The (un)natural history of Kraft Dinner — a dish that has shaped not only what we eat, but also who we are…
True, Canada is just one outpost in Kraft’s globalized food system. The company’s iconic brands are on the rise in emerging markets, which is to say in the ancient cultures beyond the borders of North America, Europe, and Australia. In China, another Kraft product, the Oreo, has been re-engineered for the Asian market, with such success that it is now the country’s number one cookie. But this is history repeating itself: our own food system was colonized long ago by Kraft, a company that has always striven to give us (or at least our consumer, magpie selves) what we want: cheaper food that is faster to prepare. We have been only too happy to drink the Kool-Aid, another Kraft brand.
KD’s popularity is a symptom of a world that spins distressingly faster and faster. We devote a total of forty-two minutes to cooking and cleaning up three meals a day — six fewer minutes than we spent in 1992. Over half the dinners we consume at home involve a prepared or semi-prepared food. As the clock ticks, we spend more of every food dollar on these shortcuts.
But what does it mean if a national dish is manufactured, formulated by scientists in a laboratory in Glenview, Illinois, and sold back to us by the second-largest food company in the world? [...]
Big American companies signed contracts with local dairies, effectively binding the suppliers to sell most if not all of their production to them. This squeezed out the smaller cheese factories, and more dairy went to making processed cheese instead of artisanal types. At the height of its influence, in 1971, Kraft controlled more than 50 percent of cheese production in Canada. [...]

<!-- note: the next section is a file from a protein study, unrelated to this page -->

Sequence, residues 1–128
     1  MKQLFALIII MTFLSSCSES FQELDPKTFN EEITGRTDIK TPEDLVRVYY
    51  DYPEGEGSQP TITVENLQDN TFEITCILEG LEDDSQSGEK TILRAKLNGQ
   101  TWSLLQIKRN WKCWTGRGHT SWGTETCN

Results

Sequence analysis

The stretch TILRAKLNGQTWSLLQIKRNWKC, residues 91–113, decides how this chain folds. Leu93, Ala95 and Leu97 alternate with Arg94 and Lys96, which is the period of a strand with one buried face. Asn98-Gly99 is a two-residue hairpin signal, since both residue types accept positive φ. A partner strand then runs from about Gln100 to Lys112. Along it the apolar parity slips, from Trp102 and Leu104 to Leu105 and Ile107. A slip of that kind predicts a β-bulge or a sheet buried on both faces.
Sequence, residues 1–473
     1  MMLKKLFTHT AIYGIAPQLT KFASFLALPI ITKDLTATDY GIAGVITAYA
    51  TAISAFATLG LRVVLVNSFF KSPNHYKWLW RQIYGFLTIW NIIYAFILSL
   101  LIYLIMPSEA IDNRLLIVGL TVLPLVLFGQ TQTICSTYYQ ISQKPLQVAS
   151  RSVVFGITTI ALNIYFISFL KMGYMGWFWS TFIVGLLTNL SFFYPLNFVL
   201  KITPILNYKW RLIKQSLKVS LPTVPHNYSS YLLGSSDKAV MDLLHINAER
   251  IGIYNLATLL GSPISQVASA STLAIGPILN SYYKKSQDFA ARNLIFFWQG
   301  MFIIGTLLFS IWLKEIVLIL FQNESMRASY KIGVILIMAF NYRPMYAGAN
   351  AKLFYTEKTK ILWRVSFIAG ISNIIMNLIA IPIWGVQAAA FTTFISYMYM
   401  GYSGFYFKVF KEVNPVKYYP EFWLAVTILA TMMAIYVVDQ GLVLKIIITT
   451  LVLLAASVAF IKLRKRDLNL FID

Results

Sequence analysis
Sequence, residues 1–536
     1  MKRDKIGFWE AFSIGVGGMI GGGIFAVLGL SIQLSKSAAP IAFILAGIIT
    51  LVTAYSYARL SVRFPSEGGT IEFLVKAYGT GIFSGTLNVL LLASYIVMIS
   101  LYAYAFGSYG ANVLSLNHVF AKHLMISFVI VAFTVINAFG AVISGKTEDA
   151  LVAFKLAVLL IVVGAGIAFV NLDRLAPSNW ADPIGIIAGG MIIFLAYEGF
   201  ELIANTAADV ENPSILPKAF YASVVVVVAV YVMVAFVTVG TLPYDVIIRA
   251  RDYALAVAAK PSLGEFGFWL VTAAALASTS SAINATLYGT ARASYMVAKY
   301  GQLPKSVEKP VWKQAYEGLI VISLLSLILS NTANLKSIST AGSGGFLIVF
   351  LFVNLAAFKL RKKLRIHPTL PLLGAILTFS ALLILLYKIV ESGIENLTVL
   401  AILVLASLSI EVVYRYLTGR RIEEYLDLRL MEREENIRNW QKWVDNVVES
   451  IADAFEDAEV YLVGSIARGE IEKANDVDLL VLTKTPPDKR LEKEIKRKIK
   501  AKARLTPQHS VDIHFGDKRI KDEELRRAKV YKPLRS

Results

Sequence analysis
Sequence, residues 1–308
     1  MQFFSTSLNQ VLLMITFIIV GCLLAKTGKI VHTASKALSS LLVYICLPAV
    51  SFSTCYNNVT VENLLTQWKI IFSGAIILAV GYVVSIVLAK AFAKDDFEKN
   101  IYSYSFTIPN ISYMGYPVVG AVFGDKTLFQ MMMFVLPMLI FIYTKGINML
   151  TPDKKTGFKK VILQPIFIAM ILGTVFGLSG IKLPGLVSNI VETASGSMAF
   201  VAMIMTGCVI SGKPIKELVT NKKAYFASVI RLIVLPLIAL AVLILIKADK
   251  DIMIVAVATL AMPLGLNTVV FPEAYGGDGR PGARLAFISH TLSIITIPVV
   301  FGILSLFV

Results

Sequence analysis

Today KD Original probably contains more whey than cheese. Kraft won’t say how much cheese is in the foil packet, but you can read between the lines on the label and make an educated guess. One scientist, who asked not to be quoted, estimates that cheese would account for no more than 29 percent of the sauce’s solids. Driven by the commodity markets rather than taste, processed food formulas often change according to the going rates of their ingredients: when whey powder is cheap, for example, a cheese sauce might include more of it. [...]
Differences — whether in people, cultures, or even cheese — are Canada’s greatest strength, and life would be exceedingly dull without them. They shape and define who we are. But differences can never be manufactured in any meaningful way by a large food conglomerate, which always seeks to standardize. So the question is: are we content to have our national dish come from a laboratory in Illinois, or do we want to have a hand in its (and our) creation? If we can’t be the authors of our own meals, who are we? To cook and live life to the fullest, Lee tells me, “I need a good foundation. I have to know who I am.”